It's a lot to sift through, but essentially there is no specific color called "air defense camouflage",  and the term has been typically used for all of the yellowy browns, cement, dirt and khaki colors you might imagine. In fact, a quick look at this traditional Japanese color chart lists a bland dun-yellow-brown as "national defense color" (國防色 guófáng sè). That said, according to Horigome in the Chinese-language link above, "light green", "bright blue green" and "green-green", are colors described as 'air defense camouflage' by a the Kaohsiung City Museum and Kaohsiung City Culture Bureau. He then goes on to note that it's not at all clear that the purpose of such colors was actually to help camouflage buildings from aerial assault, but that such colors might simply have been considered pleasing or fashionable and might have been chosen for a number of reasons: performatively (to display how patriotic one was by using national defense colors); aesthetically (they just liked it), or because it was thought to fit in with the surrounding area or other colors. 



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A building in Kinmen, Taiwan (Kinmen was never Japanese so I doubt it would have become popular here as a result
of Japanese influence)

Looking more at that color chart again, the colors most similar to the cyans and teals seen in Taiwan seem to be either 'new bridge' or "Shinbashi" color (新橋色), clear blue-green (青綠色), fresh bamboo (青竹色), celadon (青磁色), 'ancient' green-blue (青色). Of all of these, I think 'new bridge' is the closest match, and this helpful website in Japanese explains that it was a popular color in the late Meiji era, especially among the geishas of the Shinbashi neighborhood of Tokyo.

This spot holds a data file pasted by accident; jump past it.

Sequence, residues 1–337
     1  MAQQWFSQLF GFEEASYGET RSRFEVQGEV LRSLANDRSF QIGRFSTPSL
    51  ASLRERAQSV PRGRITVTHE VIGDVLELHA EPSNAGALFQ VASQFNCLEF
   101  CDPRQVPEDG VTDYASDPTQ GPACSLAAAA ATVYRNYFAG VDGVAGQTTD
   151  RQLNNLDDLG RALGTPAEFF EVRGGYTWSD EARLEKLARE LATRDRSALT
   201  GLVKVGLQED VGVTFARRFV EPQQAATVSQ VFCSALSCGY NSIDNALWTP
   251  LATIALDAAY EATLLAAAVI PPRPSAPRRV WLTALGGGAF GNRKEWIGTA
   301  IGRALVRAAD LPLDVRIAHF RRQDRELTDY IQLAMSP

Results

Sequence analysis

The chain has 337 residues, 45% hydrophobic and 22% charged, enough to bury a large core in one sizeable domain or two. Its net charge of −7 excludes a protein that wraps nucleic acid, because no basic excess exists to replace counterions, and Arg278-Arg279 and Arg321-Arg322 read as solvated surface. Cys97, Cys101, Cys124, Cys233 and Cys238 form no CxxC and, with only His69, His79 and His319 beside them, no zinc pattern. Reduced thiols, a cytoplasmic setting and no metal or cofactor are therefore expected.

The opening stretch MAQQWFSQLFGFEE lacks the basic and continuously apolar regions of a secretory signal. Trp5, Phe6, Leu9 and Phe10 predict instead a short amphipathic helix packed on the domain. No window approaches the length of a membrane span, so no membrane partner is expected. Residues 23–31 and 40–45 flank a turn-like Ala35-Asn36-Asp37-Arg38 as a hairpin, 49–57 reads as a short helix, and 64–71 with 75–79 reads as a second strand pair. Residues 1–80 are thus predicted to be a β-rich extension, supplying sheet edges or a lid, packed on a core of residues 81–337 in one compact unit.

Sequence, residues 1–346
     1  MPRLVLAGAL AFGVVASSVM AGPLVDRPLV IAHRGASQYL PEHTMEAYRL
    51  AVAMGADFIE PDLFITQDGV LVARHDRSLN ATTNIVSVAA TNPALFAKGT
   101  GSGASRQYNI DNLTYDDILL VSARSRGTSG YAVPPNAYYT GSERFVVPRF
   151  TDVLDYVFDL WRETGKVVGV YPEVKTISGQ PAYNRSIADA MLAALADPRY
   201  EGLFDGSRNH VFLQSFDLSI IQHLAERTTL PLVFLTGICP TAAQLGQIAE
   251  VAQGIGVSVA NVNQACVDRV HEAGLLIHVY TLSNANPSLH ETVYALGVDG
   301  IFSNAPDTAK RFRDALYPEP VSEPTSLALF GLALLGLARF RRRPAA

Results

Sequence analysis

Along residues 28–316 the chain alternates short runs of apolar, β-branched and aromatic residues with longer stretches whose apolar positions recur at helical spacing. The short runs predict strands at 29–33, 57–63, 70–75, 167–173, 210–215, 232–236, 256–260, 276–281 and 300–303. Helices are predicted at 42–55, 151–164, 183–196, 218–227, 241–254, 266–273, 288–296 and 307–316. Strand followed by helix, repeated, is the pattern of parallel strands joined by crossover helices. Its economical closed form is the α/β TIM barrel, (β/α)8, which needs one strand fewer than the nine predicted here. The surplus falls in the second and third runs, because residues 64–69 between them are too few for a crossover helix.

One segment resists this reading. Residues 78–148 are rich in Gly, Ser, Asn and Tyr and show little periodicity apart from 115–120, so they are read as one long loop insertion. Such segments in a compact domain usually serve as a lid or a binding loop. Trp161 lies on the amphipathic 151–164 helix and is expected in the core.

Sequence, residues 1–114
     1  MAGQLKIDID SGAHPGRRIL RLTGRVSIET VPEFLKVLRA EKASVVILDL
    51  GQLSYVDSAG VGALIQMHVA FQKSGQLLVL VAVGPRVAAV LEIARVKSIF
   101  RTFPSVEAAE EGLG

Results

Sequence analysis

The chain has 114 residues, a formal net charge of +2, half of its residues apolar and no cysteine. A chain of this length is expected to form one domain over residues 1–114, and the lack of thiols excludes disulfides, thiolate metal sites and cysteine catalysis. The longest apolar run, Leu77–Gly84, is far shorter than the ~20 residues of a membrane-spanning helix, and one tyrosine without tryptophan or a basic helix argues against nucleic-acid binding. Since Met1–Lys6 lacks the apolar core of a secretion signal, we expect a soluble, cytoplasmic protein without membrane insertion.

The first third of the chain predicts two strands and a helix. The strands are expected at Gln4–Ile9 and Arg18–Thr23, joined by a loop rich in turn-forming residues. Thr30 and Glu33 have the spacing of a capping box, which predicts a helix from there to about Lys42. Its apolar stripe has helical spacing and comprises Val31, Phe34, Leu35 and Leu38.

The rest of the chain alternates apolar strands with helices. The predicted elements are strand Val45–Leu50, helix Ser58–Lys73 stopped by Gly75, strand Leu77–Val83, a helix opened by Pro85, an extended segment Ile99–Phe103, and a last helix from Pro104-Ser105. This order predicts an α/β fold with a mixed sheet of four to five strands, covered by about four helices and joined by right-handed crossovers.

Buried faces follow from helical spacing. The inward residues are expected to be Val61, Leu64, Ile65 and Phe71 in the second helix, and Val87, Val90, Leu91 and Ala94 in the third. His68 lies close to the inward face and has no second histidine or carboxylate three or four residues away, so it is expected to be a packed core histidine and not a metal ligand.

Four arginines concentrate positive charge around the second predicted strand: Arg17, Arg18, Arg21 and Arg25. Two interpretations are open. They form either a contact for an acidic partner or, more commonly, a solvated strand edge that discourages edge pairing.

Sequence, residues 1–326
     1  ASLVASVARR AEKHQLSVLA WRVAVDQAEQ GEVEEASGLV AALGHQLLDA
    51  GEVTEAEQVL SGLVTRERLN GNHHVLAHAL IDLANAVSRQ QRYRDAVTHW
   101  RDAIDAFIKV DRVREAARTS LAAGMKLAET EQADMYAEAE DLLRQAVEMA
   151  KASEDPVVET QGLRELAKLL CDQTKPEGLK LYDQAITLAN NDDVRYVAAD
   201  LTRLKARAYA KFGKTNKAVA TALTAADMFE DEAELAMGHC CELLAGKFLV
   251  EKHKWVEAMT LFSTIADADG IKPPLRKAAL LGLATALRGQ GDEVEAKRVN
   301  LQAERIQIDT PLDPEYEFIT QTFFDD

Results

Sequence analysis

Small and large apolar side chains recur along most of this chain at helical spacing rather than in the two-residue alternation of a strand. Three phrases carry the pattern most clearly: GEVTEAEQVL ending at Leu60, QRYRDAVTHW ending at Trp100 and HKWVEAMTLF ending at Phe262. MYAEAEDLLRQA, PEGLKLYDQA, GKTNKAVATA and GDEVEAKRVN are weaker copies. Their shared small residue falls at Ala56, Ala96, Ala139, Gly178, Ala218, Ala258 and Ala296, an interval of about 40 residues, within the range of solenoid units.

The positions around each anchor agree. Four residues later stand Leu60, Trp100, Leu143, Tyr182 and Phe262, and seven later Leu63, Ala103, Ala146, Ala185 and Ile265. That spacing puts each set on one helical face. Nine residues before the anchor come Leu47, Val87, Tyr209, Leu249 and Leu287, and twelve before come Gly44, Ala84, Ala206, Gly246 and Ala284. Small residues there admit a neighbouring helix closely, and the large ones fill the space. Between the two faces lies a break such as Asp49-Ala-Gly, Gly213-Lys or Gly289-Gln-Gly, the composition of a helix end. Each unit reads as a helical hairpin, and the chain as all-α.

The late Meiji is right around the time that Japan was consolidating its rule of Taiwan, so if the popularity of teal came from that...cool. Though it seems like quite a stretch to say that a color popular in Japan during the colonial era would influence, say, the color that prison bars were painted during the White Terror, or the color of electric fans in the mid-twentieth century. 



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The history of "Shinbashi" blue


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The color remains popular in Japan


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A Japanese-era wooden building in Chiayi city
(Yeah, I went to Chiayi for a bit and never told y'all)

My guess is that perhaps the color may have become widely used in Taiwan during the Japanese era, possibly for 'air defense' reasons or possibly simply because it was also popular in Japan. It sure does appear on the window frames and casements of a lot of Japanese-era buildings, especially brick or wood ones. Then I'd guess it simply stayed popular because it's a nice color and offers a striking and pleasing contrast with the brick and dun shades of Taiwanese buildings.

Another pet theory that I can't prove at all is that it's a popular color for window casements and bars because it is similar to sky blue - with blue window bars, you might be able to look outside on a clear day and feel like the bars (which are unsightly but considered "necessary" for safety reasons) were perhaps not there at all. 


That brings us to the modern era - the color has seen a bit of a resurgence in political activism. All of those "I support Taiwanese independence" stickers, flags, towels and t-shirts use it. It's been around since at least 2014 and the Sunflower Movement, and (so I was told anyway) a well-known activist who runs a coffeeshop in Taichung designed the current popular crop of designs.



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A screenshot of the designs popular today
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Even I have the t-shirt!